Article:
(16) gerijackie says:

Does he wear a mask over his nose and mouth to keep from “eating” whatever flies by as some Brahmans? Everyone must make their own decision after careful thought. It is a journey not a destination. No two journeys are alike.

June 6, 2012 at 12:39 pm
(17) P Wilkins says:

With this man’s thinking, it would be wrong to kill off diseases such as the Black Plague, because those viruses have a right to live. OH PLEASE -this is one of the most ridiculous statements made. I think he’s really just poking fun of vegans/vegetarians in general and trying to cause an uproar. Don’t give him any media time or worry about what one goofball thinks-his silly opinion isn’t important.

June 6, 2012 at 1:00 pm
(18) Karen says:

ummm..o.k. this is nuts. Using this bizarre reasoning (or is it just the narcissistic need to be different and stand on a higher soap box than others?) , we women are somehow immoral for using even natural remedies to rid ourselves of the dreaded yeast infection/ thrush/ candida etc.. At some point we do have to realize that there IS a survival of the fittest going on and it’s between the unseen world (viruses, bacteria, yeast etc. and us) why is the life of yeast more important than a human life to this man? Following his reasoning , it would be. What about raw foodists? What about sprouts? Should I confess for eating sprouts this morning? Good grief…sounds like this dude needs a few vegan beers to loosen up a bit:-).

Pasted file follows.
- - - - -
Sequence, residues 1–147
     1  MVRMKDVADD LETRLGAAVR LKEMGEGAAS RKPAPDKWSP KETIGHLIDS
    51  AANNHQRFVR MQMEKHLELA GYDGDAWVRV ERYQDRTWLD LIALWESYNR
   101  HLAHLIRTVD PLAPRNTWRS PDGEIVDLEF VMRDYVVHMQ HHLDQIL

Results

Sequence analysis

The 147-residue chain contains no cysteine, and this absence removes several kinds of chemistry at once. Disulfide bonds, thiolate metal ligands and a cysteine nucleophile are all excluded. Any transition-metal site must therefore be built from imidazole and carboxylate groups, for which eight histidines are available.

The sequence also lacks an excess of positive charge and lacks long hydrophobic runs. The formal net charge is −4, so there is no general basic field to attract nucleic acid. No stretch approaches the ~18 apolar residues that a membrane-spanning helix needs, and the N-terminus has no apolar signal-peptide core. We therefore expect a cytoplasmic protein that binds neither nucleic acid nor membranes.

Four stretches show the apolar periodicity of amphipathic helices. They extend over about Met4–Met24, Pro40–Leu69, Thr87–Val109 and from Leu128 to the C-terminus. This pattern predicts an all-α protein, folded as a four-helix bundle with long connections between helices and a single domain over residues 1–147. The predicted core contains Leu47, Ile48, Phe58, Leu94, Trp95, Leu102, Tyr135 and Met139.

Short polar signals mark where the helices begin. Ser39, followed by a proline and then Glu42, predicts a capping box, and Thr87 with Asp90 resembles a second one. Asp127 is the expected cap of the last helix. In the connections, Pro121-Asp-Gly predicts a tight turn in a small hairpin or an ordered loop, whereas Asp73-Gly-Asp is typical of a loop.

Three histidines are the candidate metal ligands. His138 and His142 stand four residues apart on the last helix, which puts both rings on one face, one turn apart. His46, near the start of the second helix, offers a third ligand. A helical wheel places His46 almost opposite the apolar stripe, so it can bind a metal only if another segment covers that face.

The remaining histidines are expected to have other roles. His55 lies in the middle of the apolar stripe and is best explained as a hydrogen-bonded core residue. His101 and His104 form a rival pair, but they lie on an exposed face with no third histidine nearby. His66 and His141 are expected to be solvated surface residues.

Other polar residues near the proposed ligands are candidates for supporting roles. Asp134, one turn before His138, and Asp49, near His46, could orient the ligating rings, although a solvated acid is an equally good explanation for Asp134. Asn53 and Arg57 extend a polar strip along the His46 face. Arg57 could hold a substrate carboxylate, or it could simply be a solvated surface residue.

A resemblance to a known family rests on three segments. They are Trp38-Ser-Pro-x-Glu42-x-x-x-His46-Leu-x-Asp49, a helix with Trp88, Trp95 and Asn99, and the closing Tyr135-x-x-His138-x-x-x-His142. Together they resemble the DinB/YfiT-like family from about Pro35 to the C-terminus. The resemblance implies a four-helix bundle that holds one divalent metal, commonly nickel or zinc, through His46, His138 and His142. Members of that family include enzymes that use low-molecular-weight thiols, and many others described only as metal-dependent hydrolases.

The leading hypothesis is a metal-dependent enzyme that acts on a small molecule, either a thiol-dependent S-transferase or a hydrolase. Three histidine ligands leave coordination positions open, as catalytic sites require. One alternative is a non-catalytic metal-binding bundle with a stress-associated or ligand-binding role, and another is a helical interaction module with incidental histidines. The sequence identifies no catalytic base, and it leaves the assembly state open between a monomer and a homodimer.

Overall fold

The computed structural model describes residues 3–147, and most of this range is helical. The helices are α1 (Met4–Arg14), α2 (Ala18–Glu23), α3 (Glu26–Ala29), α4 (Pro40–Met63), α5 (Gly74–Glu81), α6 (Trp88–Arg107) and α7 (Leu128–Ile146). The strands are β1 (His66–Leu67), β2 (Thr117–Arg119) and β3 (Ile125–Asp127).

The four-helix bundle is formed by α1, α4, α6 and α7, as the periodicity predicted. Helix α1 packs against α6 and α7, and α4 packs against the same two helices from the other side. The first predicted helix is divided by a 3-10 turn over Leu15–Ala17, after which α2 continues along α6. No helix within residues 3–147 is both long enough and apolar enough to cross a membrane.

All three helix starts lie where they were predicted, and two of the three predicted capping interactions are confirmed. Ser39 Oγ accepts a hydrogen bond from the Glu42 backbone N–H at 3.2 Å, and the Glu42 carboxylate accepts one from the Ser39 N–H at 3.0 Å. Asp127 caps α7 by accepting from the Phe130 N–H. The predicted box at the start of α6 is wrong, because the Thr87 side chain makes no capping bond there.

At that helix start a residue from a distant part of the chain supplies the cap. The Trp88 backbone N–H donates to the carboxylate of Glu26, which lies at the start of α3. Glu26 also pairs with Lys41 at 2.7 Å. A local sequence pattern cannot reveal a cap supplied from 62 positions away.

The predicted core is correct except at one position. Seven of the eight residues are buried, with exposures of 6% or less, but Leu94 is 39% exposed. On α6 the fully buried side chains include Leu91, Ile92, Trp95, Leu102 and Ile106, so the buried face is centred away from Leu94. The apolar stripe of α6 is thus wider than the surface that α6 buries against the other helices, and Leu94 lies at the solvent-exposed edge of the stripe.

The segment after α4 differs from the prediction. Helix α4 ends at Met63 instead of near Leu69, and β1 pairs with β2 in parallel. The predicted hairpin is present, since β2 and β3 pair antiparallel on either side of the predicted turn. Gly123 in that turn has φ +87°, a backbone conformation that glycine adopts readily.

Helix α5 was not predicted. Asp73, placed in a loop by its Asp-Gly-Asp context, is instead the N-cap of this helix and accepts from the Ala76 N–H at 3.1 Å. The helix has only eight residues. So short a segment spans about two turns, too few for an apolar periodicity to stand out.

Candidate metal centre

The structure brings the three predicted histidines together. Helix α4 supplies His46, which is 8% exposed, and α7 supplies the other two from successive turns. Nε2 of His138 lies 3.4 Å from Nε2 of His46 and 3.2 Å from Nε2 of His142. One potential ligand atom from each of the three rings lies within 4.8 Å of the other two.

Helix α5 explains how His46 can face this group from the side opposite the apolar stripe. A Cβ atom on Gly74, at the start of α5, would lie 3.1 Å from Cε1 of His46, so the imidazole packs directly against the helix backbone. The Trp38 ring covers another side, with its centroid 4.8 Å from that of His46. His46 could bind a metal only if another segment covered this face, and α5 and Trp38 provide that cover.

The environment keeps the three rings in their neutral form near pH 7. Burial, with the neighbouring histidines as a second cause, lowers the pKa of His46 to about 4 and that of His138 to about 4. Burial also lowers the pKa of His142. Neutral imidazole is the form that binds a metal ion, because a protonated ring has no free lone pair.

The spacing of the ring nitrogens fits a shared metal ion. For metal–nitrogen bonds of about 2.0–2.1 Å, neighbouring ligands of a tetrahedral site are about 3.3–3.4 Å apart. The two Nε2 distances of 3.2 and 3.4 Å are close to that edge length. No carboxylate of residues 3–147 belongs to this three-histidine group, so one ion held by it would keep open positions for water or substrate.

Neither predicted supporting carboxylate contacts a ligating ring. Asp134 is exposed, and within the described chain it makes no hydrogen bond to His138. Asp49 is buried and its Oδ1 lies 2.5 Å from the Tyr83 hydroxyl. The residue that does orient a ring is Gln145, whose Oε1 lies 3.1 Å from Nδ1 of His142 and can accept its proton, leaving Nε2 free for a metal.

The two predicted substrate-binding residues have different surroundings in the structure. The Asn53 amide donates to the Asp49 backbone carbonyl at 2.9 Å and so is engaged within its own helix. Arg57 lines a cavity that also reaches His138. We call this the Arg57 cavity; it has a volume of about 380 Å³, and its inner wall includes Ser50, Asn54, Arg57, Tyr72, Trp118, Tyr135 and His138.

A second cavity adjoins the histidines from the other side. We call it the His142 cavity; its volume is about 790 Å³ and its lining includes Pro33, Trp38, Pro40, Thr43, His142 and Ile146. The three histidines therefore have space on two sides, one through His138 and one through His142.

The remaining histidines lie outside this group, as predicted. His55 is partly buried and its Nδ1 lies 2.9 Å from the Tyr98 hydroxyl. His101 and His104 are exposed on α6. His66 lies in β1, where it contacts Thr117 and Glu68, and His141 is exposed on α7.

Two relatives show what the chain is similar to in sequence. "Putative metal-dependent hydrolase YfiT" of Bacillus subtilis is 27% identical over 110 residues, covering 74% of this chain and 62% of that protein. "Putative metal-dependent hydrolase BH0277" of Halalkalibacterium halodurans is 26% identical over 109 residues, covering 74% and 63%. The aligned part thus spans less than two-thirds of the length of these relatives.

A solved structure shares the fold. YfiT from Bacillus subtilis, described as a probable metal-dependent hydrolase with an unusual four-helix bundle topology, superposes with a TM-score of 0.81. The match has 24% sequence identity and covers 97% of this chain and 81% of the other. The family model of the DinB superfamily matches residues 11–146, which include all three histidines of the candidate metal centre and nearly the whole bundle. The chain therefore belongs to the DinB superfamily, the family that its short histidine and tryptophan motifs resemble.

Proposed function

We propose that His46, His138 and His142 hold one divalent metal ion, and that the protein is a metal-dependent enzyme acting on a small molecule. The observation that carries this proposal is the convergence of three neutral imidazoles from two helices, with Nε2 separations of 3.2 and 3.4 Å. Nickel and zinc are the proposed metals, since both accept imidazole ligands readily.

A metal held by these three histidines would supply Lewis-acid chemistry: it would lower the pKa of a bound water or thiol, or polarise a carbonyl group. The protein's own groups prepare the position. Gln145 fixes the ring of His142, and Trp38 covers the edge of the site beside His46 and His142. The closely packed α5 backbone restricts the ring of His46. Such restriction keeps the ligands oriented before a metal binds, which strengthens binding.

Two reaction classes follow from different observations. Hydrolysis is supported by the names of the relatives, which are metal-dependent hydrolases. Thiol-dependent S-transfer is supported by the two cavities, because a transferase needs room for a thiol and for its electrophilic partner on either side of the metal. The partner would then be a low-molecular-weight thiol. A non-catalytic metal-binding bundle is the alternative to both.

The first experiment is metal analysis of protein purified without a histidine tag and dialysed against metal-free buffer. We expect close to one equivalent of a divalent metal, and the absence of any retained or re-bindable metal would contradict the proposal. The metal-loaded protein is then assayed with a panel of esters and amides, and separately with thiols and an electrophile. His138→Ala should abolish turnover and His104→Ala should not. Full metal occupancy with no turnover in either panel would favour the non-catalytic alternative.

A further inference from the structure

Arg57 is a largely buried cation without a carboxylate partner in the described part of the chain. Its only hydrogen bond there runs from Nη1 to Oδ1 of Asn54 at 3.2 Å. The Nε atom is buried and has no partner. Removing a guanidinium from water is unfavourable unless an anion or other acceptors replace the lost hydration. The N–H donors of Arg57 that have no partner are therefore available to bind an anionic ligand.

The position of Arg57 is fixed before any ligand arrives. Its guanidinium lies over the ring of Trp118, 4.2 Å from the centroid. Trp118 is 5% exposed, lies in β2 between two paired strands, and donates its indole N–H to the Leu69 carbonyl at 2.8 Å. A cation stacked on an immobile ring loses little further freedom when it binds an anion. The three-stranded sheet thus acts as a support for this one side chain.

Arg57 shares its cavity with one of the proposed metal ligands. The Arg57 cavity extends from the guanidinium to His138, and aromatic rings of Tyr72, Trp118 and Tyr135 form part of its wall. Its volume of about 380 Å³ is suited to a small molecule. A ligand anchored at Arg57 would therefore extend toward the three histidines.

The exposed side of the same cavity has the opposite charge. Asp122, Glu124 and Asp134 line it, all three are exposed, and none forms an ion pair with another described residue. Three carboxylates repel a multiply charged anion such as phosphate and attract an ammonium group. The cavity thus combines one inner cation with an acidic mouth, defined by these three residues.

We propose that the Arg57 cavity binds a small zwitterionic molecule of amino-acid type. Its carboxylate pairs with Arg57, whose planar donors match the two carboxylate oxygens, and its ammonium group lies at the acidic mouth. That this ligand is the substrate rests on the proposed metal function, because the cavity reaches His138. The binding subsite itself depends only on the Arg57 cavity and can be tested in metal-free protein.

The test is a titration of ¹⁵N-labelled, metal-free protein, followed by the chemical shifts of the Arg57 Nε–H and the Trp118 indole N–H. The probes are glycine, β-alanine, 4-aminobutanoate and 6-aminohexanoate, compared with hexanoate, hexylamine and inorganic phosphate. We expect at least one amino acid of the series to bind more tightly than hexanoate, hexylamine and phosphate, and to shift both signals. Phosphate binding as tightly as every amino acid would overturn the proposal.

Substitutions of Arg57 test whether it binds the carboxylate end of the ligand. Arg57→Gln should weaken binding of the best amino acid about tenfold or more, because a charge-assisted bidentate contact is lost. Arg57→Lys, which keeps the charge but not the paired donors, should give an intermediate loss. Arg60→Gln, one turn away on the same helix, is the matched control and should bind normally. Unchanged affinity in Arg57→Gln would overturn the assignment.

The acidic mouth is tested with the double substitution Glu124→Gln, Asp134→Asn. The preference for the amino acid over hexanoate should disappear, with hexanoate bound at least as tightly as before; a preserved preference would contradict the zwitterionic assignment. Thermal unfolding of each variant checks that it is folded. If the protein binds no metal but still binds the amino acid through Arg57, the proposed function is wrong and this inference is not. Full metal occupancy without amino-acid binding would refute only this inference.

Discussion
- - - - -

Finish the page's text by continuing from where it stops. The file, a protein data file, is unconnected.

June 6, 2012 at 1:10 pm
(19) Anupam says:

I am surprised that this debate is on. Vegan do not eat or use any product of animal origin. Yeast is a fungus, like mushrooms. It is also used in bread making. Use of yeast is within the basic principles of Veganism.

The idea of being a vegetarian is not to kill any animal for food. It is for this reason that a majority of vegetarians (also called lacto-vegetarians)take dairy products, as dairy does not require killing of any animal. Some also take unfertilized-eggs (lacto-ovo-vegetarians), as the unfertilized-eggs do not lead to any ‘killing of life’.

June 6, 2012 at 1:18 pm
(20) Diana says:

Seriously? What do these people eat? I see a big difference between consuming a conscious, caring creature and a microbe.
-Yeast doesn’t give live birth, and subsequently doesn’t have to suffer mental anguish when a child is ripped away from them.
-Yeast doesn’t consume mass amounts of grain to produce a few meals for people.
-Yeast can’t be beaten and tortured before being consumed.

If we were to take this guy seriously, even FIRE should be considered “alive”; it consumes, grows and moves.

I am going to enjoy a Guinness with my veggie burger today.

June 6, 2012 at 1:20 pm
(21) Sheila Swan Laufer says:

Let’s get over the small stuff here. There are animals to be saved from torture and brutal lives. Let’s spend our time on the important issues.
‘Nuff said.

June 6, 2012 at 1:27 pm
(22) Diana says:

I would also like to add that yeast does not need millions of acres of rainforest to be torn down so they may feed.

June 6, 2012 at 1:28 pm
(23) Bob says: